Boscia senegalensis – Famine Foods

Boscia senegalensis

Boscia angustifolia


Burkina-Faso (Bourzanga, Bam Province): The Mossi people eat the seeds alone – dry or soaked in water, after the pulp has been removed. The seeds are also mixed – dry or soaked – with beans, couscous or rice. The interior bark is boiled in water to give a sweet taste to millet flour. [NB MORSE writes that it is much sought after plant in times of famine; however, it is not clear which, if any of these uses was common to famine use. Sudan (western and northern regions, Kordofan, Darfur): after being husked, the pea-like seed – a berry – is left. These can be eaten raw, but are very acid and are usually consumed after lengthy preparations and cooking. The berries are dried in the sun, pounded to remove the outer seedcoat and soaked again for several days. If the water is changed often, only two days’ soaking is necessary (it is reportedly soaked for 5-7 days to remove toxins). The seeds are boiled in a cauldron with local potash, then soaked in cold water to remove it and finally mixed with salt and butter for serving. Mukheit is ‘sweetened’ by removing the hull, debittered after seven days’ soaking with the water (to which Kambo, or potassium carbonate is added) changed daily. The seeds are then sun-dried before cooking. Balilah is made from Mukheit by boiling the seeds with oil and salt. When they become soft, they are then eaten. Chad (central): fruit [sic] eaten. Nigeria (Kano State, northern): berries eaten.

For  details regarding nutritional composition, see Kim et al


Additional Information

Name Authority:
Hochst. ex Walp; Pers. Lam. ex Poir.
Burkina Faso (Mossi): Lamboèga. Burkina Faso (Mossi): Lamboèga. Sudan (Arabic): Mukhait, Mukheit, Aisen, Korsan. Chad (central) - (Arabic): Mekhet. Nigeria - (Hausa): Hanza; (Kanuri): Tabila. Sudan (Arabic): Mukhait, Mukheit, Aisen, Korsan. Chad (central) - (Arabic): Mekhet. Nigeria - Hausa: Hanza. Kanuri: Tabila. Niger: anza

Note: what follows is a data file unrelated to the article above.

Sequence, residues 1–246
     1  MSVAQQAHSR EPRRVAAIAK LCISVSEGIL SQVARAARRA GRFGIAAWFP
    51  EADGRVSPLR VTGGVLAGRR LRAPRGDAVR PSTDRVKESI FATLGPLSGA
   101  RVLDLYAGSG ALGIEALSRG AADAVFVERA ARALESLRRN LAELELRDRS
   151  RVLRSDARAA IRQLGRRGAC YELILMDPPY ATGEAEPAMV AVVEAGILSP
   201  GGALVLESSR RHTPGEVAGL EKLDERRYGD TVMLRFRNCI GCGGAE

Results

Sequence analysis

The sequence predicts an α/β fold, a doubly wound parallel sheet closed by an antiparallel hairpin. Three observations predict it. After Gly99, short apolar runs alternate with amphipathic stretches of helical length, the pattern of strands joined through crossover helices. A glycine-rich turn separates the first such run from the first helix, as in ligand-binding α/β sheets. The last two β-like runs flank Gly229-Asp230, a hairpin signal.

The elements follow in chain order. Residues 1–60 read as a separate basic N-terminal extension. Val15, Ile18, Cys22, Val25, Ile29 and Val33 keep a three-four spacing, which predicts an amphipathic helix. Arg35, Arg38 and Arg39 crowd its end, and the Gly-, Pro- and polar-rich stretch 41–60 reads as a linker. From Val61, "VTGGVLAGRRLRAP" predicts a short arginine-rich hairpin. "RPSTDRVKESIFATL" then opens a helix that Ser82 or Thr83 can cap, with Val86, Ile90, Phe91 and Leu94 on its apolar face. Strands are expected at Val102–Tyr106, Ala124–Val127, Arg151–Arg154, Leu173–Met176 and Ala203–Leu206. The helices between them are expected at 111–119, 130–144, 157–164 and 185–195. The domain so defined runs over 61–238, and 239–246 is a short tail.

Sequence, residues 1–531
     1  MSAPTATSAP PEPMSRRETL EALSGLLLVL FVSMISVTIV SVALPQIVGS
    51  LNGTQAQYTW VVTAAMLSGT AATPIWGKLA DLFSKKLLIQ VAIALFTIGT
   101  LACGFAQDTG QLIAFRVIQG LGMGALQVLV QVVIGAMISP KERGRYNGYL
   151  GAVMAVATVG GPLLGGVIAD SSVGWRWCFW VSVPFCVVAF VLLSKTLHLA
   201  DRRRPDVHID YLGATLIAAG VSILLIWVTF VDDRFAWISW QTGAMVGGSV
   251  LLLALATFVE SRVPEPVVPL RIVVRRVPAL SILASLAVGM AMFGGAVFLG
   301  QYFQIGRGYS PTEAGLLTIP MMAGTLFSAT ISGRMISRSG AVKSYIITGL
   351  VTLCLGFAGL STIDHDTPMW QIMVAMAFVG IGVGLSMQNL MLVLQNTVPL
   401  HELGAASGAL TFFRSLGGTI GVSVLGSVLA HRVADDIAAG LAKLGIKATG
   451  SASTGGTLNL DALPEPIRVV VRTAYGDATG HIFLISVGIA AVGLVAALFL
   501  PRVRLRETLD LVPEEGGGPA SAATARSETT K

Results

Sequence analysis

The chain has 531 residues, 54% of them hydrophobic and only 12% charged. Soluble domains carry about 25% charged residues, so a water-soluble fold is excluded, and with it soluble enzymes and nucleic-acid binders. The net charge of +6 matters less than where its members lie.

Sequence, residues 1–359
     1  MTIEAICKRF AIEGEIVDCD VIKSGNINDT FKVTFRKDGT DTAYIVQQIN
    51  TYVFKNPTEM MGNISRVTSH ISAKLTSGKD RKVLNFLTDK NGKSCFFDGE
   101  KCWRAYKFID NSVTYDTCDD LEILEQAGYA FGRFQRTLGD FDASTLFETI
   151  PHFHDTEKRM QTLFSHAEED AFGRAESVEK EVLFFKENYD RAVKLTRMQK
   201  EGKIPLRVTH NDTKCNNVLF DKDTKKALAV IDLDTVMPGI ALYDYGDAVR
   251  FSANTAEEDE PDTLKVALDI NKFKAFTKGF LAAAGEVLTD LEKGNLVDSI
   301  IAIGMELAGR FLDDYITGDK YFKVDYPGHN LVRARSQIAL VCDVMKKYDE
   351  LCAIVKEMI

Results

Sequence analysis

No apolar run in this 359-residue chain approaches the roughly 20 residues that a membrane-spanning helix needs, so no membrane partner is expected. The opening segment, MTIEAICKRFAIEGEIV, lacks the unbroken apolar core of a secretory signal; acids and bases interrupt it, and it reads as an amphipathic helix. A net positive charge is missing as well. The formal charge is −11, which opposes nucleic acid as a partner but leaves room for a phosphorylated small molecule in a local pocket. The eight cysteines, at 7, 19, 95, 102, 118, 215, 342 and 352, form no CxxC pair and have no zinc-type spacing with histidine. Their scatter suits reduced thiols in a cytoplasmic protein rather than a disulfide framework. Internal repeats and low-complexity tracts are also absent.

Chemical composition (after Berry-Koch) (g/mg/mcg per 100g) (dried): Protein = 21g. Fat = 1.6g. Calcium = 123mg. Fe = 6.8mg. Beta carotene = 165mg Vitamin B1 = .02mg. Vitamin B2 = .03mg. Niacin = 8.8mg. Vitamin C = 5mg. Kcal = 341; (cooked): Protein = 5.4g. Fat = 0.2g. Calcium = 33mg. Fe = 2.8mg. Beta carotene = 25mcg. Vitamin B1 = .01mg. Kcal = 92. (after Abdelmuti) (un- debittered): Protein (crude) = 29.3%. Oil = 0.7%. Ash = 3.5%. Fibre (crude) = 2.7%. Carbohydrate (soluble) (starch) = 39.5%; (sugars): Sucrose = 4.3%. D-glucose = 0.2%. D-fructose = 0.7%. Amino acids (g [16g N]-1): Aspartic acid = 7.7g. Threonine = 1.7g. Serine = 2.3g. Glutamic acid = 9.0g. Proline = 6.5g. Glycine = 3.5g. Alanine = 3.2g. Valine = 4.5g. Cysteine (performic acid oxidation) = 1.3g. Methionine (performic acid oxidation) = 1.8g. Isolelucine = 2.9g. Leucine = 7.0g. Tyrosine = 2.3g. Histidine = 1.3g. Lysine = 1.5g. Arginine = 15.1g. Minerals: Sulphur = 2.20mg/kg-1 (dry). Potassium = 0.15%-1 (dry). Magnesium = 0.10% (dry). Calcium = 0.14% (dry). Na = 0.01% (dry). K = 1.03mg/kg-% (dry). Zinc = 42mg/kg-1 (dry). Iron = 10.5mg/kg-1 (dry). Manganese = 17mg/kg-1 (dry). Copper = 8mg/kg-1 (dry). [N.B. for values of various de-bittered forms, see Abdelmuti]. Ethnomedical uses - Sudan (eastern area): berries reported used as a diuretic in the treatment of syphilis, and an infusion of leaf-extract used as an eye wash. Powdered leaves and berries applied as dressing for chronic ulcers.

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